I have epilepsy and it’s time I accepted it. I don’t exactly hide it: pretty much everyone who knows me is aware I have it and I’m not ashamed to say it. But as I of all people should know, talking is the easy part.
I can say it and I can talk about it as much as you want me to, but I can’t myself accept it. Notice how I’m saying it as if my mind won’t even give it a name like if I name it I may be labelled or it may actually be a real thing that actually affects me. I can accept the word being associated with me, but not the thing itself and even less the idea that I have to make lifestyle changes to accommodate for the consequences of having it. As a result I have gotten pretty used to failing, and thus have lost my confidence and any sense of what I want to achieve.
I didn’t even notice I was having difficulty dealing with it until now. During school my focus became survival and any notion of dealing with having epilepsy was put aside into the later pile. And it (just) worked. I did not get what I wanted, but I left school with 4 A levels. So, why couldn’t I always put dealing with epilepsy in the later pile?
I can’t seem to anything, that’s why: University, no; full time job, no; partying like the rest of the 20year old population, no. The only thing I can do successfully for a long period of time is nothing, but who wants that? Every time I try something I seem to end up failing and feeling like a whole load of idiot; like I’m the old me being lazy or pathetic and using my epilepsy as an excuse. But it’s not an excuse, it’s a reason.
It’s not that I can’t do things (at this point in my head my primary school teachers congregate and chant “there’s no such thing as can’t”), it’s that I don’t have any sense of my limits due to my inability to swallow my pride and create a realistic framework of short-term possibilities. I therefore I feel I can’t achieve anything, when really the problem is I’m trying to achieve unrealistic goals. In my head I am still that 16 year old who dreamt of going to Cambridge and becoming a political speechwriter. That girl could work day and night just because she wanted to and she had the determination to achieve her goals. This girl has both the will and determination, but she has less of a capacity to work such hours.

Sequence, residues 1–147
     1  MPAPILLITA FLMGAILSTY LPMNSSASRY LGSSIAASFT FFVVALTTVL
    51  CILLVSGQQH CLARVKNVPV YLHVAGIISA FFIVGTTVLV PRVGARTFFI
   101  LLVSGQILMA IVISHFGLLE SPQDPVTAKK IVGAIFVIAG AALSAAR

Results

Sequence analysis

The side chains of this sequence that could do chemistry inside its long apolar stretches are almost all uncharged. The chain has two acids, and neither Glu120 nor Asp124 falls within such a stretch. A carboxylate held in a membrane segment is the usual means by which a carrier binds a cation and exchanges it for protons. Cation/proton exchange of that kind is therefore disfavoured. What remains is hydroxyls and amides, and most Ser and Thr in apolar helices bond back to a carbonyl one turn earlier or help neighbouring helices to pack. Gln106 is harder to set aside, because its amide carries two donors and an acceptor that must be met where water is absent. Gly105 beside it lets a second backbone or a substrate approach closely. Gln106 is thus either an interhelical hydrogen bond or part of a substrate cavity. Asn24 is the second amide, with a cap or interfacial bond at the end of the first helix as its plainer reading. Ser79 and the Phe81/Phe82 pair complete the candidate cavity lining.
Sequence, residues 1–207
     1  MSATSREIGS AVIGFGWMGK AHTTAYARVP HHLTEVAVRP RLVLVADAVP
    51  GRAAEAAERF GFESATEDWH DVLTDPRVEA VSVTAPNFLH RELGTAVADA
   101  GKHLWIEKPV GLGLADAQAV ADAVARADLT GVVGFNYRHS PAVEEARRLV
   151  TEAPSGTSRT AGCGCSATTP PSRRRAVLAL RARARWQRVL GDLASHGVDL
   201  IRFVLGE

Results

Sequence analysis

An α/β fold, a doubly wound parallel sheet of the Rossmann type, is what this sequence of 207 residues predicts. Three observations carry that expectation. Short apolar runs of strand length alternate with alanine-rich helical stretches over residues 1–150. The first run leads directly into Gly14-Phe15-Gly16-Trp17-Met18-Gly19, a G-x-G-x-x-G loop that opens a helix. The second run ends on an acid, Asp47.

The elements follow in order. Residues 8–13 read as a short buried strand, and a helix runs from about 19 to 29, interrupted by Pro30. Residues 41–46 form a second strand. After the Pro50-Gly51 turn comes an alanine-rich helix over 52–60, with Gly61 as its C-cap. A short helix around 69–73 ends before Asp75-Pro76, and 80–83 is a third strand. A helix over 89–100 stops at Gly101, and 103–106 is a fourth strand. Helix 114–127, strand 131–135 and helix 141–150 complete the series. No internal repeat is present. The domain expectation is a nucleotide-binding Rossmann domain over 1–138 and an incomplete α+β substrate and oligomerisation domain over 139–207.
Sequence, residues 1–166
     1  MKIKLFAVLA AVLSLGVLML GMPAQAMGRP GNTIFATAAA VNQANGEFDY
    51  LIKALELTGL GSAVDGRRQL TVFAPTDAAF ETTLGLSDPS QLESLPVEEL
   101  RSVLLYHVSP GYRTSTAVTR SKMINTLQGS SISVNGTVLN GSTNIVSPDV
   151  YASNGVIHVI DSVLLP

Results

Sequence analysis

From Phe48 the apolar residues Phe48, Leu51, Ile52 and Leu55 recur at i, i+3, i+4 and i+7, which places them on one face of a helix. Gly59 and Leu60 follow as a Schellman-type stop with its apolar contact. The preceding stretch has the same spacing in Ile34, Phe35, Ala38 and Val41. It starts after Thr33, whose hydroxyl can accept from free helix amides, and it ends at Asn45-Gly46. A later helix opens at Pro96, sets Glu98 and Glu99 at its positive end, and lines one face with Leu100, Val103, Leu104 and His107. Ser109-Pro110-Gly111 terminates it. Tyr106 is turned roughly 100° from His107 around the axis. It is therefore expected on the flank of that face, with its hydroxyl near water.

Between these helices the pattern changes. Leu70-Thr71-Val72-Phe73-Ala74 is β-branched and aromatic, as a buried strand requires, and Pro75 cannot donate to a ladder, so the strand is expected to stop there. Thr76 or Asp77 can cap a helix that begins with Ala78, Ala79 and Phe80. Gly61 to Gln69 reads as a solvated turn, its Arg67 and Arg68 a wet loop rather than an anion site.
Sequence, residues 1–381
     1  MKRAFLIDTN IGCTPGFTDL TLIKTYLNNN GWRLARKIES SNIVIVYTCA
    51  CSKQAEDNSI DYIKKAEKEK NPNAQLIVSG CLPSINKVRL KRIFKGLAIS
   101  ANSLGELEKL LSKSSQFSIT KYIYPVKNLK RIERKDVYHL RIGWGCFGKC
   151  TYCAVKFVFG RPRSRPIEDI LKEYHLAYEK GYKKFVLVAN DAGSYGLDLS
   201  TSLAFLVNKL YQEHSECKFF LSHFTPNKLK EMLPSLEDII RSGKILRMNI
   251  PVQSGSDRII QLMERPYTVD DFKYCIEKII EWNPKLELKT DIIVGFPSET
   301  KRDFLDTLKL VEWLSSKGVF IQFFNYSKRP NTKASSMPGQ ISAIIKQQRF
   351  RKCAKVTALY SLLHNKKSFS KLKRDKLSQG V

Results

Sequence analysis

People only tend to see the tonic-clonic seizures, the ones you associate with Hollywood epilepsy. But there is a lot more that goes on and is less understood. There’s the petit mal (eg déjà vu, absences, auras etc.), possible knock on illnesses such as migraines, or side effects of medication such as fatigue or memory loss. There are also, of course, mental effects such as lowered self-esteem and panic attacks. For the record all of the above I have suffered, or still suffer from.
I am starting to realise that it is my epilepsy, not me, that has been the hurdle tripping me up at each open door. Well actually, no. More precisely it’s a combination because it is also my attitude towards the whole matter. A year ago any suggestion of me becoming t-total I laughed at and I saw it as patronising to suggest I did part time work at first instead of plunging into a fully fledged career. As my doctor says some things we can’t help, but others we can. I wanted to battle epilepsy not work with it towards success; I was prepared for a fight, I just chose the wrong one. This lack of acceptance has fogged my mind more than my medication. It has left me in a helpless rut, dug deeper because time and time again I have had to quit impulsive decisions that were in reality desperate attempts to keep life as it was before.
So. I’ve learnt the hard way. I have epilepsy and because of that I am (for now) physically and mentally suited to achieving smaller goals, which will in time amount to no less achievement. I do not regret this past year; in fact I have a lot to thank my stubborn ruddy mindedness for, getting me so lost. But lost I have been and it is clear now that my end goal(s) do not have to, and should not change. It is my plan of action in the meantime that does. I have to be able to crawl before I can walk.
But as I said before, the talking is the easy part….